A Beginner’s Guide To Commercial Leases, Part Two: Expenses

Commercial leases are the backbone of the REPE industry. Demonstrating a familiarity or a mastery of the terminology will help you nail a real estate private equity interview.

Part one of this series focused on understanding the terminology in commercial leases related to income. Part two will zero in on the expense side of the equation, which is just as important to your LBO model. To get practice using these terms and building models, take advantage of the real estate private equity online course offered through Leveraged Breakdowns!

To Net, or Not To Net

Expense terminology in leases centers around the terms “net” and “gross.” The idea behind this is that the tenant’s payment to the landlord is “net,” or excluding certain expenses that are paid by the tenant. You’ll hear terms like triple net, double net, or absolute net. If a lease is $30 psf gross, then the tenant will pay $30 psf to the landlord and there are no additional expense reimbursements. If a lease is $30 psf triple net, that means that the tenant is paying $30 psf in rent plus three categories of expense.

The three categories of net expenses in question are property taxes, property insurance, and common area expenses (utilities, janitorial, utilities, etc). Taxes and insurance usually stick together, which is why you will almost never hear the term “single net,” but you will hear “double net.” For many years, “triple net” was the landlord’s best case scenario, because it meant that the tenant was paying all of the operating expenses for the property.

In recent years, a new concept has emerged which requires the tenant to also pay for capital replacements (new roof, new parking lot, or structural repairs). The terminology isn’t settled yet, so you may hear the term “quadra net” or “absolute net” around the water cooler or during a real estate private equity interview. The intent of the phrase is that the landlord has no ongoing responsibility for costs associated with the property (other than the initial purchase, of course).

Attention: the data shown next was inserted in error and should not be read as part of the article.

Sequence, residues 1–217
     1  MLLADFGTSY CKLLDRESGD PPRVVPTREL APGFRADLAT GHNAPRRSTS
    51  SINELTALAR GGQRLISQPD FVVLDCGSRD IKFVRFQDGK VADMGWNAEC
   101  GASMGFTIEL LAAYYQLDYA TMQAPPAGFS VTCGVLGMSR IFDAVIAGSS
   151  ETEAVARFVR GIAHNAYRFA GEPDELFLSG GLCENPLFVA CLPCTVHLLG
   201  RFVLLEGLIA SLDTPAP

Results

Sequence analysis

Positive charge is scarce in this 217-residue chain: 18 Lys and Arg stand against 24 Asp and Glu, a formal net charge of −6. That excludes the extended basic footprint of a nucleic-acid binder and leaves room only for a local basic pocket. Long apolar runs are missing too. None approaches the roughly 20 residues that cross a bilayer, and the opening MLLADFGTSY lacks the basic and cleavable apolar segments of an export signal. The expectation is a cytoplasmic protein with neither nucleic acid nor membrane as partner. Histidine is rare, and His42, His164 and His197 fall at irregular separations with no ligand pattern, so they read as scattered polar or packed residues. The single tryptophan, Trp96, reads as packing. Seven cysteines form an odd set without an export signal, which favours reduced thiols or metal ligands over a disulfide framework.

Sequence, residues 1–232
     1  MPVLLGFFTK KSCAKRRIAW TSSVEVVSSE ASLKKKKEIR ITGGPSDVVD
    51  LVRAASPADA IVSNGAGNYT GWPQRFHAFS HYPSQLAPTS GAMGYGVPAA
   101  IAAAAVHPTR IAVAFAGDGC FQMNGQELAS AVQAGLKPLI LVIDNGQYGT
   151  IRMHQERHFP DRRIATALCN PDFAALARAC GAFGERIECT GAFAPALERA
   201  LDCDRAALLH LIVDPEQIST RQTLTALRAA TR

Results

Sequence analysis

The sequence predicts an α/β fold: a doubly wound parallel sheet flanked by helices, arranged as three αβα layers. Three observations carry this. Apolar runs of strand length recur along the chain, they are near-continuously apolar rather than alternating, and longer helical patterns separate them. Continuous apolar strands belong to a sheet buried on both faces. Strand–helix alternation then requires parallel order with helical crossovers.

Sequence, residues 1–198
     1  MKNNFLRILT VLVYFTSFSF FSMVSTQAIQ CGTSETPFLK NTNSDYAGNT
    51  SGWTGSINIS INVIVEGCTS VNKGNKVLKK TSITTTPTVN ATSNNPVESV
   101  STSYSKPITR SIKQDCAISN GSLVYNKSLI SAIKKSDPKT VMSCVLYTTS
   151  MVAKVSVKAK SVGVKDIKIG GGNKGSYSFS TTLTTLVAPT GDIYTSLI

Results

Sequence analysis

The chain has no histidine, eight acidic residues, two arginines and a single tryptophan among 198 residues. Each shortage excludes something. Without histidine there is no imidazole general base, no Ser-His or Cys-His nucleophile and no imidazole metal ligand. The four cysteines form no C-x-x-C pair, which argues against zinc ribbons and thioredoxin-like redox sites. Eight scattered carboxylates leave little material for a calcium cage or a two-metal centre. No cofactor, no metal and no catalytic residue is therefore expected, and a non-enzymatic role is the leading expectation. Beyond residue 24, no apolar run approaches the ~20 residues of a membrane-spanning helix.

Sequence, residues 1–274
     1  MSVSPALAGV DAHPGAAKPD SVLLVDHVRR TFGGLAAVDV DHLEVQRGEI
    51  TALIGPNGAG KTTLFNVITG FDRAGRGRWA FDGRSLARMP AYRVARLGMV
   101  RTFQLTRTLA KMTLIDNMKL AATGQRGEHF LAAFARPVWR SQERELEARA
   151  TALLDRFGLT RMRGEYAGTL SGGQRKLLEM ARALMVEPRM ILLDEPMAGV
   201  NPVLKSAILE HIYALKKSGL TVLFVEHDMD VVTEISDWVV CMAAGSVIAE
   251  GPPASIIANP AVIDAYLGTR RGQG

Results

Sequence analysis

To Recap:

  • Gross: Tenant pays rent and landlord is responsible for paying all property expenses
  • Double net: Tenant pays rent, property taxes, and property insurance. Landlord pays everything else
  • Triple net: Tenant pays rent, property taxes, property insurance, and common area expenses. Landlord pays capital replacement and structural repairs.
  • Absolute net (or quadra net): Tenant pays all property expenses, both operating and capital. Landlord is responsible for no expenses during the lease term.

Odds and Ends

Some leases will include caps on expenses that the tenant pays, normally expressed as dollars per square foot. Other leases may require the tenant to pay expenses over a base amount, referred to as a “stop” or “expense stop,” also expressed in dollars per square foot.

Some leases will call for the tenant to make an estimated payment each month toward the annual budget for operating expenses. At the conclusion of the year, the landlord will provide a reconciliation of the actual expenses compared to what the tenant actually paid, and either bill for any shortfall, or credit back any over payment. The goal is to keep the over/under as small as possible to avoid any large charges to the tenant, or large credits back that negatively impact landlord cash flow. Whether you are building a real LBO model, or as part of a real estate private equity online course, making sure you treat the expense reimbursements exactly as described in the lease is critical.

Leave a Comment

Scroll to Top